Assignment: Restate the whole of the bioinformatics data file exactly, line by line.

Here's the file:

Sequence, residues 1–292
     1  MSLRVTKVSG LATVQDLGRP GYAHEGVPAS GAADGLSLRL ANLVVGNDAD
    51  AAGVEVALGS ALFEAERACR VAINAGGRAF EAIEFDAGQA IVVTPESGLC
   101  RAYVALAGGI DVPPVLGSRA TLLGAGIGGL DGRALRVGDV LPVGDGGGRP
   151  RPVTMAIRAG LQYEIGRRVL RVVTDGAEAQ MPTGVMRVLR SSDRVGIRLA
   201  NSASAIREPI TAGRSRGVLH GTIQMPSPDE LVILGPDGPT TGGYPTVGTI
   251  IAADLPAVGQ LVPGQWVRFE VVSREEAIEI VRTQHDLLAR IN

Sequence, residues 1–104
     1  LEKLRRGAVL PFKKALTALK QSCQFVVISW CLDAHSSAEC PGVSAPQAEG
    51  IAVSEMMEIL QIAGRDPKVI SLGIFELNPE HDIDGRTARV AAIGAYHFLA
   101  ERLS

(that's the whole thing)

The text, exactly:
Sequence, residues 1–292
     1  MSLRVTKVSG LATVQDLGRP GYAHEGVPAS GAADGLSLRL ANLVVGNDAD
    51  AAGVEVALGS ALFEAERACR VAINAGGRAF EAIEFDAGQA IVVTPESGLC
   101  RAYVALAGGI DVPPVLGSRA TLLGAGIGGL DGRALRVGDV LPVGDGGGRP
   151  RPVTMAIRAG LQYEIGRRVL RVVTDGAEAQ MPTGVMRVLR SSDRVGIRLA
   201  NSASAIREPI TAGRSRGVLH GTIQMPSPDE LVILGPDGPT TGGYPTVGTI
   251  IAADLPAVGQ LVPGQWVRFE VVSREEAIEI VRTQHDLLAR IN

Sequence, residues 1–104
     1  LEKLRRGAVL PFKKALTALK QSCQFVVISW CLDAHSSAEC PGVSAPQAEG
    51  IAVSEMMEIL QIAGRDPKVI SLGIFELNPE HDIDGRTARV AAIGAYHFLA
   101  ERLS